Saturday, 22 January 2011

An unsatisfying read

Got stuck into a new book yesterday - a day off from everything - after I had a massage. London Tryptich by Jonathan Kemp started off very promising. Entichng pretty pictures on the cover and an intrugues set up - 3 stories told from 1st person pov in three different historical periods 1894, 1954 and 1998. It got into the period feel of 1894 immeadiately and skipped forward reading these episodes in advance of the others - then went back and re read it all chronologically BUT after a good opening the novel falls down on its face in my opinion. It relies almost entirely on exposition - its all told and very little at all is shown and falls into gay cliche and stereotyping. The 1998 section comprises mostly the character from this period recounting in details his arrival and adventures on the London gay scene - very rapidly - in 1986 - which I found confusing. Its down under the device of a letter to lover who the character is "confessing" this past to now - why I am not sure. But I soon lost interest. There is period interest but the actual charcters seem mostly stock and the endless description becomes irritating. I dont know if I can bare to go on reading. And this novel - a first novel - is described by Time Out as "A thoughly absorbing and pacy read...a fresh angle on gay life and the oldest profession"- WELL - I dont see much at all fresh about it. No where up to the literally prowess of Hollinghurst or White (Hotel d' Dream). But I suppose it depends how deep you are aiming- or how surface level. It also got a mention in the Times Literary Supplement.Not that its bad but just a predictable and for me ultimately unsatisfying read. Lesson in that.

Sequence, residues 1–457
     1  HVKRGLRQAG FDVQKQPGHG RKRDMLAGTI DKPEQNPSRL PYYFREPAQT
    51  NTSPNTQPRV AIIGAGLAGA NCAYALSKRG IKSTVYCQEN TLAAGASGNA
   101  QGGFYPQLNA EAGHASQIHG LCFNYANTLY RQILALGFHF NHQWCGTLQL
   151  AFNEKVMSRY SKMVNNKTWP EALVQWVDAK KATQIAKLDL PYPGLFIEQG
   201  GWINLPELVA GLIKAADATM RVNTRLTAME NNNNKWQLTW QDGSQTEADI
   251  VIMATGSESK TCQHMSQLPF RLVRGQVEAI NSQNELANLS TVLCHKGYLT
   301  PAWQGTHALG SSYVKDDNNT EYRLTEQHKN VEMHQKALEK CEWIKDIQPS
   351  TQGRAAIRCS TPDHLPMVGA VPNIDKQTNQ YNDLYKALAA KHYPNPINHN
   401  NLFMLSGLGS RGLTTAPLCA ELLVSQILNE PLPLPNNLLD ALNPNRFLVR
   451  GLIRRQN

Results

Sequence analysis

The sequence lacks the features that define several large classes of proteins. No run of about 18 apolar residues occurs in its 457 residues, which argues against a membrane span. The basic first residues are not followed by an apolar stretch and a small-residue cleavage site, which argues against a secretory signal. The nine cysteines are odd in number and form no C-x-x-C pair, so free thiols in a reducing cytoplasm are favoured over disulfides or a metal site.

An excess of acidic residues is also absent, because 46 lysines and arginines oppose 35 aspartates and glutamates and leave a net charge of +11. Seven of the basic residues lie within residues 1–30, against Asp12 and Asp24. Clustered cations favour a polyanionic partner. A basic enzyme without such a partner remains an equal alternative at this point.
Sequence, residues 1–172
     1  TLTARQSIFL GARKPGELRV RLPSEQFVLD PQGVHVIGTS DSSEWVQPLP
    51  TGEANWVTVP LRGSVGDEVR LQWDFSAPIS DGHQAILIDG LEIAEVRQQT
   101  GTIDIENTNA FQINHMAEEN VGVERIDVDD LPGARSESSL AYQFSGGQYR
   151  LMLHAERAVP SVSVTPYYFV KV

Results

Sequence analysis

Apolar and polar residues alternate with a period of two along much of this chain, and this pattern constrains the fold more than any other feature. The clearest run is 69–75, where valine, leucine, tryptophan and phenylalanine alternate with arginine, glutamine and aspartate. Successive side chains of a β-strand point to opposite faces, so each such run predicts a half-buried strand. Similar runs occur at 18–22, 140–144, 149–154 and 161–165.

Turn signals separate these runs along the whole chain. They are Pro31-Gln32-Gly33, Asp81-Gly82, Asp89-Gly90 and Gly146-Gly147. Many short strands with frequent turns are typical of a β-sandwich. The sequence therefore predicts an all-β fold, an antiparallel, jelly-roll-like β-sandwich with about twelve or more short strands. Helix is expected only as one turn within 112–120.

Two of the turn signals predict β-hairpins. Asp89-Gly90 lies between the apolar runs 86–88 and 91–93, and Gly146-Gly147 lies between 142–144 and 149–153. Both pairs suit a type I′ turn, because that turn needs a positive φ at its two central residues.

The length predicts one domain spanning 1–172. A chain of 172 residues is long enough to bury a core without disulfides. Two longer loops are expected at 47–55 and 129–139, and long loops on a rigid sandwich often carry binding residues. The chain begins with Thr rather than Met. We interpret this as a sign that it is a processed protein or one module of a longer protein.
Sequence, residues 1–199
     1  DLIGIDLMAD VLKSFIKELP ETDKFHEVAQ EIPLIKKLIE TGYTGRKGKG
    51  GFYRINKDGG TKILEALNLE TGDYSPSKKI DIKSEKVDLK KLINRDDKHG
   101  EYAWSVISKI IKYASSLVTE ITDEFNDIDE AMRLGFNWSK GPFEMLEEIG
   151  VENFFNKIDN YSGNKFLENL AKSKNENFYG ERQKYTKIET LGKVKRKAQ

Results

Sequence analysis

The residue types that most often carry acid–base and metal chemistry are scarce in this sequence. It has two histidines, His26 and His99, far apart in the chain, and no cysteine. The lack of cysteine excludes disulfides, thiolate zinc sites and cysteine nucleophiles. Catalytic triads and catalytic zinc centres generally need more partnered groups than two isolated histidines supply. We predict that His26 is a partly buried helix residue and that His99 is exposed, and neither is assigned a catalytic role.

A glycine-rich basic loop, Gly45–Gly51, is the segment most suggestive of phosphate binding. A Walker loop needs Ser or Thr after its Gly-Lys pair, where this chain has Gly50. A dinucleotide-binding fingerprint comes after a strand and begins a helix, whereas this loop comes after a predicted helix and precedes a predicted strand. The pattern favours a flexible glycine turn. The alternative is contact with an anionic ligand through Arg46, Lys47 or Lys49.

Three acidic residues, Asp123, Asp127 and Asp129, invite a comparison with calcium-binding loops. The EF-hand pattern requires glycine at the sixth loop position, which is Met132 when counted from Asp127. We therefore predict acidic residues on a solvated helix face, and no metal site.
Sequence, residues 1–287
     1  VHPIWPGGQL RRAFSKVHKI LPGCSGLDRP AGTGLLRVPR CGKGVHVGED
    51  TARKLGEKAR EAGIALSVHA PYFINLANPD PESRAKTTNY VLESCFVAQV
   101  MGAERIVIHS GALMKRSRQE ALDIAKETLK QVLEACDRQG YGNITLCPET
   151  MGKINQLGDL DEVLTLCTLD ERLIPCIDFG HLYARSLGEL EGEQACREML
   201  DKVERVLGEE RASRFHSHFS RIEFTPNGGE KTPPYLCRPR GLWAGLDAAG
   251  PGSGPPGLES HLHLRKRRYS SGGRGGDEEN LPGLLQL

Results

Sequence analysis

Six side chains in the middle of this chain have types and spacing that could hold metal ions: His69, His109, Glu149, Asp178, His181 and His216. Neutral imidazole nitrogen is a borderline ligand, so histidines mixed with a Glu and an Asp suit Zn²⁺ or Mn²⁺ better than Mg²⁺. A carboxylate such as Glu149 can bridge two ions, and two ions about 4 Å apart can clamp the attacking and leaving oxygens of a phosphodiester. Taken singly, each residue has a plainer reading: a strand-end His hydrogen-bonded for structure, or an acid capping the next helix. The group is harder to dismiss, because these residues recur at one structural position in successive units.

It took me two hours to complet the first paragraph(1/2 a page) of a new chapter this morning and 3 hours to reach 500 words and its still no quite right. But I want to complete this new chapter by Tuesday if I can. Out to try practice tango at Nino Bien this afternoon. Dont want to return to the unfriendly class in Abasto. Plan to try a differnt class on monday night instead - alongside the Tuesday class at Salon Canning which I like.
1/2 an hour skype with my sis in Norwich, U.K. this morning after breakfast. Incredible how you can now link up around the world for peanuts. How technology is is moving so fast and becomming so acessible.

1 comment:

  1. Interesting to read your opinions on this book. It seems from what you've said that it's perhaps an innovative idea but less successful in its execution.

    I was reading something on another website or blog about quite severe shortcomings in another book and the very obvious question occurred to me (as a budding writer) as it did when I read the comments above -- how did it get published?(not strictly a rhetorical question)?

    I do wonder, for all the focus that creative writing courses put on the mechanics of writing (nice sentences, imagery, consistent POV and so on) whether what sells a book to an agent or publisher is overwhelmingly the idea -- and generally the more unusual or distinctive the better (depending on genre).

    After all, especially for a new writer, the book has to attract the attention of reviewers, booksellers and so on before they've even opened a page.

    Also, in very stark commercial terms, if a book starts off well and gets worse (even so bad that readers don't finish it) then it's still been sold and made money for the publishers. And, ironically, those sales might swing a second book deal for the author despite the first book not actually being much good.

    (I must add that I've not read the book mentioned above so am talking generally and hypothetically.)